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Construction Industry Ranks as Most Dangerous
In an article by the USA, Florida based, law offices of Mark Kaire, P.A., according to the U.S. Department of Labor, construction is the deadliest industry in America. Over six million people work at over 250,000 construction sites, doing a variety of often dangerous jobs. Many times those jobs require workers to perform tasks at great heights, or in narrow, deep trenches, work with electricity or operate powerful, dangerous equipment. It's estimated that over 1,000 construction workers will die in on-site mishaps this year, with many thousands more injured.
In 2007, nearly 1,200 construction workers in the USA alone died because of job-related injuries; truck-driving was the second deadliest occupation with 500-plus fatalities.
The 10 factors cited most often in construction citations issued by the Occupational Safety and Health Administration were: scaffolding, fall protection, excavation works, ladders, head protection, excavations (requirements for protective systems), hazard communication, fall protection - training requirements, construction (general safety and health provisions) andelectrical (wiring methods, design and protection)
It is estimated that approximately 23 out of every 100,000 construction workers die in a work-related accident.
Construction Output Decline Slows in EU
In the construction sector, seasonally adjusted production decreased by 0.5%, a little less than for the previous month. However, some countries are beginning to show signs of a recovery, albeit a small one.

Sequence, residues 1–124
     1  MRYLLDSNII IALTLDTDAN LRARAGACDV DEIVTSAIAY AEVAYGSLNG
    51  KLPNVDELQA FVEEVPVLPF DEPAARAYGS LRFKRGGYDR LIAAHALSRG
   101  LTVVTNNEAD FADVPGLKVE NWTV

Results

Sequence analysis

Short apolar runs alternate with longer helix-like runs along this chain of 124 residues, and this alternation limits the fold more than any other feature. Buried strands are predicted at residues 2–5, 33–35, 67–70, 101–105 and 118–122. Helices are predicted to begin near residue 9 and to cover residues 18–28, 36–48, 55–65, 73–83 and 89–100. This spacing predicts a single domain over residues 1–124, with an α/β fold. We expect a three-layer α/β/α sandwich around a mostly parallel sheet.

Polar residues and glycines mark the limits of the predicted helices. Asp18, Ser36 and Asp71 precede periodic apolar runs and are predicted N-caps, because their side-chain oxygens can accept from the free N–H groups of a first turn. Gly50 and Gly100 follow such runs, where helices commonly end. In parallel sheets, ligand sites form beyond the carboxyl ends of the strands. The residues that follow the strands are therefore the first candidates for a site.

A monthly comparison shows that, among the EU countries for which data is available for August 2009, construction output rose in five and fell in seven. The highest increases were registered in Germany (+4.2%), Slovakia (+3.6%) and Sweden (+2.9%), and the largest decreases in Romania (-7.9%), Bulgaria (-3.6%), Spain and France (both -1.6%).
Building construction decreased by 1.2%. However, civil engineering increased by 4.1%.
An annual comparison among the EU members for which data is available for August 2009, shows construction output rose in four and fell in eight. The highest increases were registered in Poland (+9.9%), Sweden (+9.5%) and Germany (+1.9%), and the largest decreases in Romania (-29.0%), Spain (-21.1%) and Slovenia (-19.6%).
Building construction fell by 15.9%. Civil engineering increased by 3.5%.
Call For Improved Crane Safety
UK construction union UCATT is calling for the creation of a fully comprehensive crane register in order to improve safety standards.
The union also argue that to reduce accidents and increase public confidence in the safety of cranes, the register should not be limited to construction but include all cranes. There have been several accidents involving cranes in docks. In recent years there have been a number of high profile accidents involving tower cranes, resulting in eight fatalities.
Content compiled and edited by:
Roger Lindley MCIM
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